In the course of business there are many times where goods change hands but the money is a little slower to arrive. Rather than risk damaging new or long standing business relationships, the parties give each other a little time to get their affairs in order and allow the money to come in.

But what happens if days, weeks or even months pass but the money has still not arrived. There are steps that parties can take to recover their money via debt proceedings.

Although this may seem a difficult step to take, it does not have to be as confrontational as imagined. Under the Pre-Action Protocol for Debt Collection (“the Protocol”) the parties are encouraged to negotiate and come to an amicable agreement and avoid litigation. Although a Creditor may not need to completely comply with the Protocol, is it good practice to do so. A Creditor would therefore run the risk of being liable for costs and other sanctions.

What is the debt recovery process?

When collecting a Commercial debt there are four main steps that we need to go through.

Step 1– Letter of Claim

Should negotiations fail then the next step is to send a ‘Letter of Claim’ which complies with the Protocol. A Letter of Claim should include: the debt amount, interest being charged, how the debt has arisen, any written agreement, how the debt can be re-paid and a Rely Sheet.

The Debtor will then have 30 days from the date of the Letter of Claim to respond. if the matter does not settle at this stage and payment is not received, we then move on to Step 2.

Step 2- Issue Court Proceedings

The Creditor is now free to issue court proceedings unless:

  • The Debtor asks for time to pay or confirm that he or she is seeking debt advice.
  • The Debtor returns the Rely Sheet (even if partially completed) as this will show the Creditor that he is willing to engage.
  • The Debtor responds and should be given 14 days notice from the Creditor to issue proceedings or;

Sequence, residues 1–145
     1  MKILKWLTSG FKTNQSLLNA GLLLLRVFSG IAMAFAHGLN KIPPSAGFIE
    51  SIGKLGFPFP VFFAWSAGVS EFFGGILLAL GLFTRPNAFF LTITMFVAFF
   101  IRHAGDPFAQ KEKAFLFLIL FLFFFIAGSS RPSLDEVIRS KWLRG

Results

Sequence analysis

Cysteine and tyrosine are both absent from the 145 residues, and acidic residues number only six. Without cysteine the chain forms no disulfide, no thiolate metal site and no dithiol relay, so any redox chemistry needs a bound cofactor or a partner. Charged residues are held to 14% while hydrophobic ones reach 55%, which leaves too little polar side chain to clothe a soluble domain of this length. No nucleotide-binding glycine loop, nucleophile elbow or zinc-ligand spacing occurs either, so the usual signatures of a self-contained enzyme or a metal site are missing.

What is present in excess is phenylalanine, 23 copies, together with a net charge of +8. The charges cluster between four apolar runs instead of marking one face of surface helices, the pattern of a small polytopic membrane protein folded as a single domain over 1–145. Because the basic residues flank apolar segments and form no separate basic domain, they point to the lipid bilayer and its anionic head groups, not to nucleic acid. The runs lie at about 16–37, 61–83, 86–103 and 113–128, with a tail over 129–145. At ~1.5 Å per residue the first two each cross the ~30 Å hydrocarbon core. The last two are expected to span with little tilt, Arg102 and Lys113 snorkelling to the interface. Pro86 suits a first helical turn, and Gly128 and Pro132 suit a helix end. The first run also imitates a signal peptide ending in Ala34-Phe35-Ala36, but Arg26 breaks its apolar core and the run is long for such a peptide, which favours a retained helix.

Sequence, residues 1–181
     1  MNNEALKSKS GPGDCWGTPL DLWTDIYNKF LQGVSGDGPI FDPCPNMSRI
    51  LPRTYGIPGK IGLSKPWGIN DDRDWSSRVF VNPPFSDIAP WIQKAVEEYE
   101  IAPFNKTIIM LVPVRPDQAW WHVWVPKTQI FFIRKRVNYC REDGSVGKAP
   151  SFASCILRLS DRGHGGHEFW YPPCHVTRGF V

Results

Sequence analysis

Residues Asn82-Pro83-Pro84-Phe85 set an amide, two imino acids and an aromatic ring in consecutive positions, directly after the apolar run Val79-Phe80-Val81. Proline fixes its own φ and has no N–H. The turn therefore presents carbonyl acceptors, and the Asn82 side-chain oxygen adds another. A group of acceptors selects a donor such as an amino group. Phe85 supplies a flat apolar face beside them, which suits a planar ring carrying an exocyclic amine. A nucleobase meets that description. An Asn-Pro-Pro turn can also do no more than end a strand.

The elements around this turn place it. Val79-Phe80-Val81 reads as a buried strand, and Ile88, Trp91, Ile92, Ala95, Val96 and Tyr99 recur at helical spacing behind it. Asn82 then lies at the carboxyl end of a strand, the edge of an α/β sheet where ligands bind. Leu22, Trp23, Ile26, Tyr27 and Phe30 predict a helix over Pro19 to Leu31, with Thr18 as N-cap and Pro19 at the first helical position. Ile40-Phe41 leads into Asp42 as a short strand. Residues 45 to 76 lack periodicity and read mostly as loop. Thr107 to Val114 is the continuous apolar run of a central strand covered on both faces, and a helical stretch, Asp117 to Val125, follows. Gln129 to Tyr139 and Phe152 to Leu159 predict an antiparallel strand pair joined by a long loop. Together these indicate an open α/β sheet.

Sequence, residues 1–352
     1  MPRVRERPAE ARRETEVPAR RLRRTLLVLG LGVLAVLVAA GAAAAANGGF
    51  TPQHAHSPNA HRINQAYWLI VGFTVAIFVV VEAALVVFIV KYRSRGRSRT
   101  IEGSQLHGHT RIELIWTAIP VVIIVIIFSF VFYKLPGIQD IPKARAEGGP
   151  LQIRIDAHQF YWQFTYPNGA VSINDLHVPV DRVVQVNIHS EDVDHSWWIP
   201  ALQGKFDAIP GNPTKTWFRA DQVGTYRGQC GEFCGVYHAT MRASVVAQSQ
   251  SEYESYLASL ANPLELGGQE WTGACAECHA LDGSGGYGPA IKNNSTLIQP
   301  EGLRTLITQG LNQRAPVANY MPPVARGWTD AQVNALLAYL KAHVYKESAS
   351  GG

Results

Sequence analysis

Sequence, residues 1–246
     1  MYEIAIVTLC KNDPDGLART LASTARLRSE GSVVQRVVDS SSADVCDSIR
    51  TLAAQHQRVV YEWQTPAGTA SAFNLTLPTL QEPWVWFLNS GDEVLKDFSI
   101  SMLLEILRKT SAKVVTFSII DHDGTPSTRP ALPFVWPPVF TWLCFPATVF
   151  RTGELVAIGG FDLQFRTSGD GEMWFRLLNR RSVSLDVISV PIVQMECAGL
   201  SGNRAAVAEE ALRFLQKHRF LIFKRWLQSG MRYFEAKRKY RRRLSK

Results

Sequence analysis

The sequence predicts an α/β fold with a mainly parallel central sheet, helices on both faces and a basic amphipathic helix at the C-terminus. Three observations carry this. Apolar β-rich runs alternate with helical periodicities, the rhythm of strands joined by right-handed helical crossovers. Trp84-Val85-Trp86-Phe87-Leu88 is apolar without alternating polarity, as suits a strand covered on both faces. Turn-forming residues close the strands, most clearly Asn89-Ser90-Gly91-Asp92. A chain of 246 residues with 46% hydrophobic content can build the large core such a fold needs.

• The Debtor and Creditor reach an agreement – in which case the Creditor should not issue proceedings.

Failing the above the Creditor is then free to issue proceedings and can do so without notice.

When issuing proceedings the Creditor will need to provide the Claim Form and Particulars of Claim.

A Debtor will also have a number of options available to him as well once proceedings are issued:

  • Accept all or part of the claim. If this is the case the Debtor should make payment of the part of the Debt which is accepted.
  • Dispute the whole of the claim – the Debtor should in this instance set out all the reasons why.
  • Raise a counterclaim – the Debtor should set out all the details of any counterclaim which the Creditor should respond to.
  • Any agreement to resolve the dispute.

When responding to the Letter of Claim the Debtor should use the Reply Form if is it a simple matter as the form does not cater for complex matters. In the event of complex matters the Debtor should provide a full Letter of Response.

Step 3 – Obtain a County Court Judgment (CCJ)

A County Court Judgment (CCJ) is a Court Order that confirms that the debtor is liable to pay your debt. The CCJ is the judgment given by a judge at the County Court which enables you to take enforcement action against the debtor to recover the debt owed to you. The CCJ is also placed on record against the debtor. This affects credit worthiness and affects their ability to obtain credit amongst other things.

Step 4 – Commence enforcement action

As soon as we have obtained a County Court Judgment, we are then able to immediately ‘enforce’ the debt. The most common method to enforce a judgment is to instruct a Bailiff or High Court Enforcement Officer to visit the debtor’s address and collect the debt or seize goods to the value of the debt. Alternatively, insolvency and or bankruptcy action can be taken against a debtor.

 

At Jordans Solicitors we will always advise you on the best method of enforcement depending on each individual circumstance. We have experience in dealing with debt matters, should you require any further advise in relation to any of the issues raised in this article please contact Robert Bates on 01924 387110.


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